It’s a scary thought. To think that the majority of the American electorate believes that our optimal candidate should have the temperament of a feral animal. Or that he should advocate for patriotism at the expense of humanity. But it is one that must be contemplated. Because America has spoken. It wants to be great again. And Donald Trump can (allegedly) get us there . . .
It’s hard to write this. Knowing that the people that will read this are likely to be the same people that agree with my political views. And are probably infuriated after reading the previous paragraph. But what I am about to advocate for is important, so hang in there.
Remember this, America made up her mind on November 8th. She made clear that something in American politics is wrong, and I don’t think she was pointing her finger at the election system. Instead, she was pointing it at the “establishment.” The people who, in an effort to win re-elections, neglected a part of the American population.
Maybe, this election season was a wake-up call. It’s opened up an opportunity for us to reach across the aisle, and listen to the people on the other side. The people who feel like they’ve been forgotten. And maybe, for those of us truly invested in the future of politics, this is a chance for us to show them that they haven’t been. That their voice matters to us. And that we are willing to listen.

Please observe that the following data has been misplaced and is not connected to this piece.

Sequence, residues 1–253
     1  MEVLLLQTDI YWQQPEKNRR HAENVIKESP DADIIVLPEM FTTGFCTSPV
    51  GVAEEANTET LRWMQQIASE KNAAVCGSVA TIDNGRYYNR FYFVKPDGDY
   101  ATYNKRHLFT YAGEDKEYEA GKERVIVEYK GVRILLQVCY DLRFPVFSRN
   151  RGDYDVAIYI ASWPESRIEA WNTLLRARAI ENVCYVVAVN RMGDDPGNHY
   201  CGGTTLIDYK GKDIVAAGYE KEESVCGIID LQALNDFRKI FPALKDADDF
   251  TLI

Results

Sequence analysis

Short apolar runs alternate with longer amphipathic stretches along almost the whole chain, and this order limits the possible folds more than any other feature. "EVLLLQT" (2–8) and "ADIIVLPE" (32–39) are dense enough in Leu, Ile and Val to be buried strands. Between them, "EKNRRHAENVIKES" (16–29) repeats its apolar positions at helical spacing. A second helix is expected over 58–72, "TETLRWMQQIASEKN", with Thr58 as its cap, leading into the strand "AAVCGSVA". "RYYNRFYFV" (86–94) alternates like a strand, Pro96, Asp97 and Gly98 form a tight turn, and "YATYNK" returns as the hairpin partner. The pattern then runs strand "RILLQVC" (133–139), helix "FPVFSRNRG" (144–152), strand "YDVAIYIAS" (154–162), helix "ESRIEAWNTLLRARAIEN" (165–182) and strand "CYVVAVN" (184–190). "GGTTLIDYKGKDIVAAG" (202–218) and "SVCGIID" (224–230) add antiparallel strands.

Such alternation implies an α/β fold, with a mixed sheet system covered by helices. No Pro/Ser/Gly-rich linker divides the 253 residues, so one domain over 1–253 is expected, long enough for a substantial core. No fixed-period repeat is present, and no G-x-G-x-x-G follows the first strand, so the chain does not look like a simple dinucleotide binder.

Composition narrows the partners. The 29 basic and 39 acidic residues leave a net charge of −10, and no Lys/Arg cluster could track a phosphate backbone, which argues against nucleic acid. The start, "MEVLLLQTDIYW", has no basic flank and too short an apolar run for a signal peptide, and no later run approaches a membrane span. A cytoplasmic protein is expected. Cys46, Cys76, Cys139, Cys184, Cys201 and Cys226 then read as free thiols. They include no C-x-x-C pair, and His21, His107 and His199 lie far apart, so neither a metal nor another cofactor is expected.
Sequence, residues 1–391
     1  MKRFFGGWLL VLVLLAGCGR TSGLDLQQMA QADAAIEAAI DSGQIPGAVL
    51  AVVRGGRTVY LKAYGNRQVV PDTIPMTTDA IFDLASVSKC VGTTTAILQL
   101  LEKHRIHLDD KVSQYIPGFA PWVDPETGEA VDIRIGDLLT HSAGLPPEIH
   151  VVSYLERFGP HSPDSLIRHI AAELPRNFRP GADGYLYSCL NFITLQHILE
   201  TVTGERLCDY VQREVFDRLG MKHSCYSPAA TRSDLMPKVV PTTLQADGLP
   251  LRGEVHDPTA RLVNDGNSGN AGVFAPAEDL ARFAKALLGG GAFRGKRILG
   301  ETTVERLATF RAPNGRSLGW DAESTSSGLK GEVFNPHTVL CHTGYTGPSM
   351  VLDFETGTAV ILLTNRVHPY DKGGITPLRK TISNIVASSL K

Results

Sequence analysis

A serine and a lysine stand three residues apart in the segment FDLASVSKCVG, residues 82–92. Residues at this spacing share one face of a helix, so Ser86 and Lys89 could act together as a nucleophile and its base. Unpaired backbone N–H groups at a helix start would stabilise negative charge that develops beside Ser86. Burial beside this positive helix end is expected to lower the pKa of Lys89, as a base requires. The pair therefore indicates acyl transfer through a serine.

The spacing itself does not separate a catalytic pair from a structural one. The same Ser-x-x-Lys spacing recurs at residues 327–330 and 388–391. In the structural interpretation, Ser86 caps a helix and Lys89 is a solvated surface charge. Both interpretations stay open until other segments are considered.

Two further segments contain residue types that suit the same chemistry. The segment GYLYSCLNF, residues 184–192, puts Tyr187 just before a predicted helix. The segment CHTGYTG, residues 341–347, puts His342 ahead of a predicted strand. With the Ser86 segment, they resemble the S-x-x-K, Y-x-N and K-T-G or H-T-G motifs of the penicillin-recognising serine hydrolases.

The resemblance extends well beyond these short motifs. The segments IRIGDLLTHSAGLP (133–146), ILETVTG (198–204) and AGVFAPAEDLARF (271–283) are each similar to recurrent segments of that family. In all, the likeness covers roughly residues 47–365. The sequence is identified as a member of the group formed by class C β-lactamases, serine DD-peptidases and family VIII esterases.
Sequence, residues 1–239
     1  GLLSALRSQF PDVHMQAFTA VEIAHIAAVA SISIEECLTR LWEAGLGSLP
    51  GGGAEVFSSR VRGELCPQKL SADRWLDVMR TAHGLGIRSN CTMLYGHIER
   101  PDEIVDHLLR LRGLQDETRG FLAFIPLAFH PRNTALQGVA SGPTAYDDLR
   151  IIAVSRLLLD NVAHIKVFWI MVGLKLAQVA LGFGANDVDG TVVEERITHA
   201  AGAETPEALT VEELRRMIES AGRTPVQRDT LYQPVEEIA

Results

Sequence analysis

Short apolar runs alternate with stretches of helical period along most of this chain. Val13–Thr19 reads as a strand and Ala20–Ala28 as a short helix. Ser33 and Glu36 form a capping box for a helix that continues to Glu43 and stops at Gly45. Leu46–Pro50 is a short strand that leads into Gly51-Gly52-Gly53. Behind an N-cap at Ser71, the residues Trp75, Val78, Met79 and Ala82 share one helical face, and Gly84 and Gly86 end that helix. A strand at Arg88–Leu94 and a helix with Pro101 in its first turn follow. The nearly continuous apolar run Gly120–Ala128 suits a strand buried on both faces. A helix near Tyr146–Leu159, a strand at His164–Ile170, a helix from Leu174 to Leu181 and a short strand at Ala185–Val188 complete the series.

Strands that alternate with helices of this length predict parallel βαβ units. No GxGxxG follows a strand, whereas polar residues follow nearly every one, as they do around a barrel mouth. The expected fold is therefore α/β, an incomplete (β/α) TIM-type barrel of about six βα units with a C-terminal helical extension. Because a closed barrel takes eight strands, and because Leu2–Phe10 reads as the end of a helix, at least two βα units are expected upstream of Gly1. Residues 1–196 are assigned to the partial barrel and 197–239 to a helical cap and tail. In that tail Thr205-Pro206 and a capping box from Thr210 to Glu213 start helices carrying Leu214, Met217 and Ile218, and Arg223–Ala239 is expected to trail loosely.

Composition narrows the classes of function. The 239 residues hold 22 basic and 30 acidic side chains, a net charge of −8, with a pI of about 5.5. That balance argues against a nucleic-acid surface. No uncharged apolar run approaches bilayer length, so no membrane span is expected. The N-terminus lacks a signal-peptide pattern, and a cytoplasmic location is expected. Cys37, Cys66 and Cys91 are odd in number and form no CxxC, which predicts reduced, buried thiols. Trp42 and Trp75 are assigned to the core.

But then again, I could just be trying to find a silver lining when there is none. And it’s likely that I’m still looking for one because I can’t just turn my back on an election system because the gal I wanted to win, didn’t. But what else can I do? I truly believe in our election system. And I think that it oftentimes gets us the optimal candidate for the current climate. It might have just failed this time. I mean, like any basic statistics class teaches you, there are always outliers. And this might just be one of those times.
Four years from now, the answer to this question will be clear. Did America elect its optimal candidate in 2016? For the sake of our country, I hope so. But until then, in fidelity to the American election system, I’ll just chalk him up as an outlier.
About the Author
Born and bred in the Lone Star State, Hassan is a proud Texan living in Durham, North Carolina. He is a second year student at the Duke University School of Law and holds a Bachelor's and Master's in Public Health from Baylor University. In 2016 he founded The Crescent Coalition, a non-partisan organization working to empower South and Central Asian American’s involvement in the federal government. Formerly, Hassan worked for the U.S. Department of State's White House Liaison Office. His unique position at the intersection of the State Department and White House provided him with exposure to some of the nation's most influential SCA leaders. He hopes to use their stories to inspire the next generation of SCA leaders. You can learn more about The Crescent Coalition, contact its Board, donate to the cause, and connect with its Facebook and Twitter through its website – www.thecrescentcoalition.com